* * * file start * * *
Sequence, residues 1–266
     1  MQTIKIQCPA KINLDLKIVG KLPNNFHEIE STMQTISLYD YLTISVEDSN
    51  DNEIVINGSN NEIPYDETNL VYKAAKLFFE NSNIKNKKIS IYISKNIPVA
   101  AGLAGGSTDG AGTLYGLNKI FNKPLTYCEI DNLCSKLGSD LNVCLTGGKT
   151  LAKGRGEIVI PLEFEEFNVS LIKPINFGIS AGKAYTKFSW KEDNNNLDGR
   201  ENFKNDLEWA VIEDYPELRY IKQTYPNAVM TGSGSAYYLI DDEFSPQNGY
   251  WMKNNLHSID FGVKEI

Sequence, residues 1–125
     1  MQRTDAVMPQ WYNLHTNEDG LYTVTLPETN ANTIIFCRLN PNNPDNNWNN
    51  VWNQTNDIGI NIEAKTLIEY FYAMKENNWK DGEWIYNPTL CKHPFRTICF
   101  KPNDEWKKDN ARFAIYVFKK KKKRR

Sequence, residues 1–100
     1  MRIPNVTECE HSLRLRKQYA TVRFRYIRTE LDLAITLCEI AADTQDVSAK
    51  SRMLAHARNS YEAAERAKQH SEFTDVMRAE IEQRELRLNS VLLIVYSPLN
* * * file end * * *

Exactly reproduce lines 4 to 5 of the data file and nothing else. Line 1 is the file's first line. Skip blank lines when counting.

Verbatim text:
   101  AGLAGGSTDG AGTLYGLNKI FNKPLTYCEI DNLCSKLGSD LNVCLTGGKT
   151  LAKGRGEIVI PLEFEEFNVS LIKPINFGIS AGKAYTKFSW KEDNNNLDGR